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Title: Globalization, the state, and narrative plurality : historiography in Saudi Arabia
Author: Determann, Jorg Matthias
Awarding Body: SOAS, University of London
Current Institution: SOAS, University of London
Date of Award: 2012
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This thesis examines historiography in modern Saudi Arabia. Many students of modern Arab historiography have focused on the development of historical professions and the historiographical legitimation of regimes. In contrast, this thesis seeks to explain the emergence of a plurality of historical narratives in the kingdom in the absence of formal political pluralism. It thus pays special attention to amateur and unofficial histories. Since the 1920s, texts about local, tribal and Shiite communities emerged that diverged from, and contested, the histories focusing on the royal family. They emphasized the communities' historical independence from the Al Saud or asserted the communities' importance in Saudi national history. Since the 1970s, distinct social and economic histories also developed. These histories described important historical events as the result of wider social and economic factors rather than the actions of individual rulers or communities. The thesis argues that this narrative plurality was the product of the building and expansion of the Saudi state in the context of globalization. The state subsidized not only dynastic histories, but also many texts on local, social and economic history. It also provided an increasing number of its citizens with education and employment in the expanding public sector. It thus empowered a variety of previously illiterate and relatively poor sections of Saudi society, including former Bedouin tribespeople, to produce conformist, but also dissenting histories. Globalization not only facilitated narrative plurality by putting Saudi historians in contact with different ideologies, methodologies, and source material from abroad, it also allowed authors to publish their works abroad and online beyond governmental censorship. But state expansion and globalization have not been restricted to Saudi Arabia, and this thesis suggests that these processes may also have led to narrative plurality in Arab historiography more generally, even under the conditions of authoritarianism.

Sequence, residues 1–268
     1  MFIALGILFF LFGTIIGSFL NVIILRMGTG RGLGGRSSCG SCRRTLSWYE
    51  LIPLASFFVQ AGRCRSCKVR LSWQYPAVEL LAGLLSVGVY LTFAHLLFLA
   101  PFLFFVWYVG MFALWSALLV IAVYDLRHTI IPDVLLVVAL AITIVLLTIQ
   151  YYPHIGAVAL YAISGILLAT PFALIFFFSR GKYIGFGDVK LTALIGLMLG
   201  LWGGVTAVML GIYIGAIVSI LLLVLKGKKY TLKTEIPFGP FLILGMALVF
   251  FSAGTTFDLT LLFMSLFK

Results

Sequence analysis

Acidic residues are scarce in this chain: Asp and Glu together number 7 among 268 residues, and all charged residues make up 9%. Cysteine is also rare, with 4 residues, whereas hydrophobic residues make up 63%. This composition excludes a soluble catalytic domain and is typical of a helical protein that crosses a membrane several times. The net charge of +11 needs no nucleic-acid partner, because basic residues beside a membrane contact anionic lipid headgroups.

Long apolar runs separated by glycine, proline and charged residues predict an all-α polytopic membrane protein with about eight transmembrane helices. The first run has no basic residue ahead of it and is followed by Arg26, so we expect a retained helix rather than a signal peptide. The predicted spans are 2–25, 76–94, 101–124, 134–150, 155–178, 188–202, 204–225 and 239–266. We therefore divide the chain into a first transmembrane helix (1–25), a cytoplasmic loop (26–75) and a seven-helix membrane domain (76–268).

Supervisor: Not available Sponsor: Not available
Qualification Name: Thesis (Ph.D.) Qualification Level: Doctoral